Der Berliner Wassertisch
Who is Goliath?
- Private water corporations. Veolia and Suez the biggest global water companies own nearly 70 percent of all privatised water worldwide (excluding China)
- Politicians who are prepared to sell our commons
The sale of 49.9% of the Berlin Water Works to RWE and Veolia in 1999 was the largest municipal PPP project in Europe.
PPP = Public Private Partnership
= a trick to make people think that the majority remains in public hands and so is still under democratic control.
But that‘s wrong!
And we can demonstrate this from the history of the Berlin Water Works from privatisation as a PPP through to remunicipalisation (1999 -2015).
A few details about the contract in Berlin
1.The treaty was secret.
Only Members of Parliament had the right to read it. But they had to do so in a darkroom, without the option of copying it or making notes. Before they entered the closed room, they had to sign that they would not make public what they had read.
But two very brave members of the SPD made use of this right and published what they had read .
We need moles or whistle-blowers to break their silence!
2. The treaty was for 30 years (longer than the Berlin Wall existed!)
No previous PPP project had ever lasted so long until now. They are too young to reach these years. But many of them either failed or were cancelled.
3. The private corporations were to receive a guaranteed profit for the entire period (1999 – 2028), regardless of how the company they had bought performed.
This meant that if the Berlin Water Works failed to make enough money to produce the profit for the private companies, the companies would be paid out of Berlin’s budget.
4. 100% of the management of the Berlin Water Works was handed over to the private corporations in an even more secret contract. Although they only owned 49.9% they had total control of the water company’s management. So they were able to apply their own profit-driven logic, as this is their only objective.
What could David do against this coalition of private interests and failed politics?
1. The first challenge was to force the secret contract to be published as only then it would be possible to fight this contract in the courts.
We called a referendum to have the contract published – even though no previous referendum had ever been won in Berlin. It took 5 years’ hard work on our part (2006-2011), but in the end we won!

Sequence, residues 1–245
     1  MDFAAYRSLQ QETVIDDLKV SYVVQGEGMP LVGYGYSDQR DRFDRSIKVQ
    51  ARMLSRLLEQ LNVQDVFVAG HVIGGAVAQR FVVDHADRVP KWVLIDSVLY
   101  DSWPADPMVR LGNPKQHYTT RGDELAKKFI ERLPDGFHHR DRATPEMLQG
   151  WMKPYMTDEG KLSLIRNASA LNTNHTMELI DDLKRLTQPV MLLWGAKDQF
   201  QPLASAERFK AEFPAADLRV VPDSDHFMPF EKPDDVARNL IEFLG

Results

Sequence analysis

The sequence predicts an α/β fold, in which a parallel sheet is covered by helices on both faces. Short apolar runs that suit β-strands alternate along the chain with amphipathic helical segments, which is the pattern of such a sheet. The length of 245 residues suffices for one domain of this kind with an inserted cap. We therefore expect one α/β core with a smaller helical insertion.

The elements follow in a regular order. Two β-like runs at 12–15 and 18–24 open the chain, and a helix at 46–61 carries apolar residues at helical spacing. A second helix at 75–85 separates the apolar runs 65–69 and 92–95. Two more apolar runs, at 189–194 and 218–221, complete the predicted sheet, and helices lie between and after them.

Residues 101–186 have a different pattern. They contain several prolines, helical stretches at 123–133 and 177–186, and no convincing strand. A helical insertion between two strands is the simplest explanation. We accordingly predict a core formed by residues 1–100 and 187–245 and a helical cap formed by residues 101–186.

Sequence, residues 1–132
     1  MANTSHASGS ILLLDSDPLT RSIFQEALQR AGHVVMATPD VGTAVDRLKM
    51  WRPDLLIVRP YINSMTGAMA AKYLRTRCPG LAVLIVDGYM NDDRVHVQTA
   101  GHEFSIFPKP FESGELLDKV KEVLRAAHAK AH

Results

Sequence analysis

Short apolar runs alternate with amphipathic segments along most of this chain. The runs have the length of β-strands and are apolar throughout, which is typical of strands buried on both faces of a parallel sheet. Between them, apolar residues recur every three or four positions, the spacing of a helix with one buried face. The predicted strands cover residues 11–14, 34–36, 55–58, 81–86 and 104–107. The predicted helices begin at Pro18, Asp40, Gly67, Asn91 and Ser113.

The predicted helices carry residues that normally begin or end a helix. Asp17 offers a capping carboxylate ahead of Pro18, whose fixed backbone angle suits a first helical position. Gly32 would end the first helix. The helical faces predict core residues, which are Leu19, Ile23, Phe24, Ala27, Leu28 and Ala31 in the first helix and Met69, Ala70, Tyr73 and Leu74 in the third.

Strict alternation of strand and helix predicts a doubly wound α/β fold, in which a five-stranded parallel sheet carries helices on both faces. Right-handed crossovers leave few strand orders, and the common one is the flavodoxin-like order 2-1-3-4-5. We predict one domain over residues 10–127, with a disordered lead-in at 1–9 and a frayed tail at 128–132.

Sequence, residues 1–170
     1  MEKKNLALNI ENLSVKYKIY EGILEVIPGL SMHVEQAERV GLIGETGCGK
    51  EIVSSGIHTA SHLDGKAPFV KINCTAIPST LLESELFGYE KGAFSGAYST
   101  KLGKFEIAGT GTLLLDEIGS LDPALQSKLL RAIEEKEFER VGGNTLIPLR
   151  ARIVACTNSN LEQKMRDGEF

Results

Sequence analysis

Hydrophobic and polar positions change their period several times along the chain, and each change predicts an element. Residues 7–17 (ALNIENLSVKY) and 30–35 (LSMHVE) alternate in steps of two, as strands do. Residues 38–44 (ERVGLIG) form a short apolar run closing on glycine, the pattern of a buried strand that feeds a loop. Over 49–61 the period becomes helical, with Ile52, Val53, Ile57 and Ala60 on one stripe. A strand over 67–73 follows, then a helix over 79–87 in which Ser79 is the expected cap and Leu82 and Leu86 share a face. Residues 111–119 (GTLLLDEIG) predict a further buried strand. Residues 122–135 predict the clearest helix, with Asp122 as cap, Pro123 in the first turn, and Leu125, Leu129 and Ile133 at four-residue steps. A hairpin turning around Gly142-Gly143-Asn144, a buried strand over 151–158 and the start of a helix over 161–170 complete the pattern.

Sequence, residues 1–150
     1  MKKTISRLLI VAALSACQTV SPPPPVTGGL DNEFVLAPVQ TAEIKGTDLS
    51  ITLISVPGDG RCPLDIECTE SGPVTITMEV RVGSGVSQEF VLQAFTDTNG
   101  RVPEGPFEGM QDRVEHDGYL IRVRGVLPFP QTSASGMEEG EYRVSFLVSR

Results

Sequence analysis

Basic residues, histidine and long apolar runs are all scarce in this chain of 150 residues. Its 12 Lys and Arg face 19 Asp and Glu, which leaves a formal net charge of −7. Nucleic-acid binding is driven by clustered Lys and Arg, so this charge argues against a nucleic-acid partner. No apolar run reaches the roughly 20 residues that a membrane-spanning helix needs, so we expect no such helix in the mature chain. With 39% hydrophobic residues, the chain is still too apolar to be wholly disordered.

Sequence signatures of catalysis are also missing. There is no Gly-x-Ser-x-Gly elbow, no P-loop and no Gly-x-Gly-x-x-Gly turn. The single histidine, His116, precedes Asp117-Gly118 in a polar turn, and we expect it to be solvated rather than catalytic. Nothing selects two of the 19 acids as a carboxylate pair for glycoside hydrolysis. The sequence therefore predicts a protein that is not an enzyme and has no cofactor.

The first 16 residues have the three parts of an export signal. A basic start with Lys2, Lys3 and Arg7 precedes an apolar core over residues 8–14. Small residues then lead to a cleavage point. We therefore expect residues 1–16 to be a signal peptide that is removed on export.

How were we able to win?
1. Water is a common. Not a commodity. So it cannot be a source of private profit. This is self-evident to every normal human being .
Water is a fundamental human right. We didn‘t have to explain this to the people on the street.
2. The Berlin Water Table is and always has been an open forum for engaged citizens, but it wasn’t a formal coalition of the many social groups involved (ecologists, political parties, trade unions, etc.). Many of us are members of one organisation or another, but when we work together it is not as delegates, but purely for our own interest in water as a human right.
So we are strong because everybody is able to contribute to our fight. We have no office, no paid secretary, rely on donations and are all volunteers.
1. We learned from other countries:
- From Bolivia where the indigenous people threw the American corporation Bechtel
our of their country
- From Argentine where they threw out Suez
- From Paris where they ended the contracts with Suez and Veolia and
remunicipalised Eau de Paris.
- We had good logos that we used wherever we were
After the referendum, the Berlin Government finally decided to buy back the shares held by RWE (2012) and Veolia (2013).But the price was far too high. They paid them the profit for the 14 or 15 years remaining until the end of the contract.
Once they have received back (in just 11 years) what they had paid to buy into the Berlin Water Works and before they might be forced to spend more money on the investigations they had neglected to carry out for many years … then they go and take the profit for the remaining years for doing absolutely nothing.
We, the water customers, have paid for all this and now we have pay out again for major investigations and the credit with which Veolia and Suez were paid out.
This is why our work has not yet ended. We now are fighting for democratic, transparent, socially and environmentally sustainable water management in Berlin.
We intend to push our politicans and the Berlin Water Works towards a new democratic water management structure in Berlin. To this end, we are publishing :
9 years fighting for our water. Many of us have, little by little, become experts.
Sonntag, 22. März, 14 - 15:30 Uhr
Brandenburger Tor/Pariser Platz